How does postpartum depression affect infants?
By Julia Layton
Pregnancy's fluctuating hormone levels are responsible for skin discoloration, strange food cravings, drooling, and bloated feet. Some women get dry eyes, hemorrhoids and acid reflux. Hormones can cause rapid hair growth during pregnancy and hair loss after the fact.
Lots of the physical side effects of pregnancy are well-known. Hemorrhoids and "morning sickness" are punch lines in countless movie scenes. But aside from the prenatal bursting-into-tears-over-nothing scene, the emotional effects aren't as familiar. Skyrocketing estrogen levels after delivery can cause extreme depression and anxiety, typically referred to as postpartum depression, or PPD.
It doesn't make a great punch line, so it's more behind-the-scenes than, say, ice cream and pickles. But it's not at all rare. Up to one in five women experiences symptoms of PPD [source: Anderson]. These can include excessive crying, sadness, a feeling of emptiness and despair, appetite changes, insomnia, fatigue and, sometimes, extreme anxiety. Most women have at least a few of these symptoms to some degree after delivery, but they're usually mild and fade away after a week or two, as hormone levels start to balance out. In cases of PPD, they last, and they're pronounced enough to interfere with a mother's ability to care for her newborn. Some sufferers have thoughts of suicide or of harming the baby.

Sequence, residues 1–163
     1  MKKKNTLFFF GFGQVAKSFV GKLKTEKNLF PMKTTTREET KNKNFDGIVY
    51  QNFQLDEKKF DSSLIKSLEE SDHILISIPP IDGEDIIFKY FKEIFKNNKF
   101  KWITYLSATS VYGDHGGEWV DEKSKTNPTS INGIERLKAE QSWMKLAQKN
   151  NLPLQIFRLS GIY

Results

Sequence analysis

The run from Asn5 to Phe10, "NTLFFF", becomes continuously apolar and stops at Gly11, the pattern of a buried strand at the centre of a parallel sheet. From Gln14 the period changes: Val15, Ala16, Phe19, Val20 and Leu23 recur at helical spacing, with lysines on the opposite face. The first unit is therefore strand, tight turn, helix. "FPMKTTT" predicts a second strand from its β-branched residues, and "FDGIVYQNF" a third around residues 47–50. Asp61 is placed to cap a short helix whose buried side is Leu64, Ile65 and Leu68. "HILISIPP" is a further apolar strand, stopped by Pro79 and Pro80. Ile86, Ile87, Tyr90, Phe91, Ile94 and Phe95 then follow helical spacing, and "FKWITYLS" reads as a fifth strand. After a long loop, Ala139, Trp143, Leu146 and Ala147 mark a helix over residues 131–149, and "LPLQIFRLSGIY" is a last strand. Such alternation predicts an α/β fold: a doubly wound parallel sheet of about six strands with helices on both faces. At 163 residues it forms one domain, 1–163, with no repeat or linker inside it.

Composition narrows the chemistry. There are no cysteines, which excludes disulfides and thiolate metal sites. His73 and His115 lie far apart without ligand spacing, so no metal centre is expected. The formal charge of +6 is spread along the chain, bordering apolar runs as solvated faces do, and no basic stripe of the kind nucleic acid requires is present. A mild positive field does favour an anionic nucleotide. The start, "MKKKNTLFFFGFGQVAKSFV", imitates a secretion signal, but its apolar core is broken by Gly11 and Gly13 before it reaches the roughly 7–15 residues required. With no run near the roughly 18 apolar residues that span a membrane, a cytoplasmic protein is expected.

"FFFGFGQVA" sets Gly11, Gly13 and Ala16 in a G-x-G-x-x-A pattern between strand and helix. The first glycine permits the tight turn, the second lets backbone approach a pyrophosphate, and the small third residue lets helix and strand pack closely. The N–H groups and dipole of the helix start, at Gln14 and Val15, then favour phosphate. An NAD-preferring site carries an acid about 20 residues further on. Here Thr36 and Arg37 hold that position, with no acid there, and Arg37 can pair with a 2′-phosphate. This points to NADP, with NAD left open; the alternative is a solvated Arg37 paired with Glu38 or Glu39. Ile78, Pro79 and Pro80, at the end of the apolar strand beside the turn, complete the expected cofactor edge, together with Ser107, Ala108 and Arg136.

It's obvious these symptoms would be difficult for mothers to cope with. But they may be hard for babies to cope with, too. Infants don't know it, of course, but their mothers' depression could cause them long-term problems. (As if depressed new moms need more guilt.)
The good news is PPD is treatable.
In this article, we'll find out how postpartum depression may affect the babies of suffering moms. We'll learn about the potential cognitive issues that can result from a stilted relationship between mom and newborn, and see how those issues may extend into childhood. We'll also look into treatment options for PPD. The earlier a mom gets help, the better it is for everybody.
Cognitive effects on babies of depressed moms are a pretty logical result of PPD if you consider the mommy-centric nature of that first year of life. In most birthing centers, a newborn is placed on the mother's bare chest immediately after delivery. It's the first thing the baby feels outside the womb, and it's designed to facilitate bonding.
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